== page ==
“I never had a driver’s license,” said Franklin. “I never played golf, never went to the beach. My feet have never touched sand. I never played cards or went to a horse race, never had a credit card.
“My life has been work, just work. There have been times I’ve done television three times a day and radio at night. And I’ve loved every minute of it. I just keep going. I never get drained.
“My whole life has been lived tongue-in-cheek,” he continued. “I like to kid the whole world. I’m just having fun making fun of everything. Billy Crystal imitated me for four years on ‘Saturday Night Live.’ The first time I met him, I told him that one of us was lousy.”
Peter Wood, a 1971 New York City Golden Gloves finalist and author of “A Clenched Fist: The Making of a Golden Gloves Champion,” “Confessions of a Fighter: Battling Through the Golden Gloves,” and his most recent, “The Boy Who Hit Back” (2018) remembers the thrill of seeing his father on Franklin’s show in the 1960s.
Guy Wood was a noted songwriter whose credits included “My One and Only Love,” which was made famous by Frank Sinatra, “Till Then,” which was a number-one hit by the Mills Brothers, and Peter Wood’s personal favorite, “Shoo Fly Pie and Apple Pan Dowdy,” which was recorded by Red Foley, Dinah Shore, and others.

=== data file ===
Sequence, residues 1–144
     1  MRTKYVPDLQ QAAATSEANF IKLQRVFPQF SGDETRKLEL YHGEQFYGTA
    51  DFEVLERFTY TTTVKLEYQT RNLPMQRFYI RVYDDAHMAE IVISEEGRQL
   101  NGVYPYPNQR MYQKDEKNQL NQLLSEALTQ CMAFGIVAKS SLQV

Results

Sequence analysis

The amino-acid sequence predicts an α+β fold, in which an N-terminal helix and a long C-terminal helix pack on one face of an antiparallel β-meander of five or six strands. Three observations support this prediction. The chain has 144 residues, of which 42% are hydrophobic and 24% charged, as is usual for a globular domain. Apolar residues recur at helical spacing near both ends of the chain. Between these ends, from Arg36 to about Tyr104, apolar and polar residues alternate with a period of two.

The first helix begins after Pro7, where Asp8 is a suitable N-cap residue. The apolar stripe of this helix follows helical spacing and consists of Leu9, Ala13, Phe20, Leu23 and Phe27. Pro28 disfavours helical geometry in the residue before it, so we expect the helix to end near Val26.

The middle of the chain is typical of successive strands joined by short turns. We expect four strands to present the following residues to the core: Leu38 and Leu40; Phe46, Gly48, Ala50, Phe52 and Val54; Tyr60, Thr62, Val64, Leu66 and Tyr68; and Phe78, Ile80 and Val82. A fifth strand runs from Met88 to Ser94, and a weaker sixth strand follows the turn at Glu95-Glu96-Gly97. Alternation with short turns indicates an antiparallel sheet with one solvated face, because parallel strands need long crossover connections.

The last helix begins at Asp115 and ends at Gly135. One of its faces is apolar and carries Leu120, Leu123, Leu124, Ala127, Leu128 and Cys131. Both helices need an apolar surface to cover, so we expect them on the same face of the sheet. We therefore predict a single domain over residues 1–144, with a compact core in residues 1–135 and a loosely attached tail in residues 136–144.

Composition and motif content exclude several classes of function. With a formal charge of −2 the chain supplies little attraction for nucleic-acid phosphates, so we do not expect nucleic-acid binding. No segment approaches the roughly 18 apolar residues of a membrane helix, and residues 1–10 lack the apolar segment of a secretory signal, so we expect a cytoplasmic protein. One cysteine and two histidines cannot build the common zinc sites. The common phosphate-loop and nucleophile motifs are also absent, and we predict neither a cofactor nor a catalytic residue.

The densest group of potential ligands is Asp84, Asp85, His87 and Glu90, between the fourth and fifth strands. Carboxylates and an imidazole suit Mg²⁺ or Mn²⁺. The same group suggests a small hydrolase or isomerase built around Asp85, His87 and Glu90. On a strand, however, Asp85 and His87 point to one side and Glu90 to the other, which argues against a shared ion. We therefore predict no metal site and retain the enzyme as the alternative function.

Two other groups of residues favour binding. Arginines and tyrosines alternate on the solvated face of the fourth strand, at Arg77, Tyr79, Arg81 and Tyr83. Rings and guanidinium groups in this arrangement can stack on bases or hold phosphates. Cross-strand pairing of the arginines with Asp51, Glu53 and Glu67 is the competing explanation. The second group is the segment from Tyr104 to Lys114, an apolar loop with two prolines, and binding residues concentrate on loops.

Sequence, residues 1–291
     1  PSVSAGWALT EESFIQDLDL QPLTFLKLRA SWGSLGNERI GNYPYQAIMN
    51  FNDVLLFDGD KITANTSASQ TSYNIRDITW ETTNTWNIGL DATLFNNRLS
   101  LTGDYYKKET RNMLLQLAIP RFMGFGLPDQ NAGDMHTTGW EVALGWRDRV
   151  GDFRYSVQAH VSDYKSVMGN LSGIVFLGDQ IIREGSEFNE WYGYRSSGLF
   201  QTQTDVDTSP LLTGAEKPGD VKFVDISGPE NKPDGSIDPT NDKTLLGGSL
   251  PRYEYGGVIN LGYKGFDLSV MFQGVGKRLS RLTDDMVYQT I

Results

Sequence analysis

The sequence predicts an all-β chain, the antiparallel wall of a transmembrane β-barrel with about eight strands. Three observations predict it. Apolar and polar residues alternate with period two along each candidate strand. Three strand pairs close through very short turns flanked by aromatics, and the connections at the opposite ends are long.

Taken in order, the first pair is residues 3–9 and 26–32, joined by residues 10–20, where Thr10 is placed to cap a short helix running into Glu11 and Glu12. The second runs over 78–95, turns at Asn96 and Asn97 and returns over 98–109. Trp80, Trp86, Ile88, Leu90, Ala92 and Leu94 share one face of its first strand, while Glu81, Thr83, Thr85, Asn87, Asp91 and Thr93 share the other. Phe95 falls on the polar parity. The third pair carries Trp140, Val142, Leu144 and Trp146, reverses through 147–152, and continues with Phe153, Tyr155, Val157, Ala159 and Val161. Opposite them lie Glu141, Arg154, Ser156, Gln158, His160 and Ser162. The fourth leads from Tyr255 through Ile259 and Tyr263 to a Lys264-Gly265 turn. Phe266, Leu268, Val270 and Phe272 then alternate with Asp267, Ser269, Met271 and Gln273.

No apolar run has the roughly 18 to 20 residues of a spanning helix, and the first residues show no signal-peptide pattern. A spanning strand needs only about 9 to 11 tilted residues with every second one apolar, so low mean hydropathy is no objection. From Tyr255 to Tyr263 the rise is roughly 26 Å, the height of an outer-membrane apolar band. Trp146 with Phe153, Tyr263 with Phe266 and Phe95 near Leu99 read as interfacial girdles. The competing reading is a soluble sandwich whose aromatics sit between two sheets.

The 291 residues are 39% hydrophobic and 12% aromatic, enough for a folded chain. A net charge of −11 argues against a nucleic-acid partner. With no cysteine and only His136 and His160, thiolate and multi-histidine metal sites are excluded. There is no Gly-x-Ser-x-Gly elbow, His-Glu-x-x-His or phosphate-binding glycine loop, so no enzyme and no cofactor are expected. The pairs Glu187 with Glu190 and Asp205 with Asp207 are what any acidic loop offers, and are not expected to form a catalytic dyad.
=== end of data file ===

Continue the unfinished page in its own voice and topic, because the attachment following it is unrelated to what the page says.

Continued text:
Guy Wood operated out of the Brill Building, which was known as Tin Pan Alley, a place Franklin called home for decades.
“I was tickled pink when I saw my father on his show,” said Wood. “Franklin was a genuine grassroots guy, a real New Yorker to the core. He appreciated people like my father who had hits, but was not in the league of an Arthur Schwartz or a Marvin Hamlisch, who wrote show tunes and whose names were known even beyond the industry.
“Franklin had a way of sniffing out what other people might consider smaller stories, but he made everyone feel like a star. In his world, there were no small stories.”
Franklin often said that when the curtain finally fell on his glorious life and career, he would want his gravestone to read, “I’ll be back after a short break,” which is what he said prior to every commercial for over four decades.
Sadly, this break won’t be a short one. The great Joe Franklin, one of the last vestiges of a bygone New York era is gone. If you are old enough to remember him, he will be sorely missed.
If you are not—you don’t know what you missed. He was a treasure.
PUBLISHER NOTE: Mladinich is co-writer of the new movie “Mott Haven.”
He will be on an upcoming episode of the Everlast TALKBOX podcast to give listeners the inside lowdown on the film.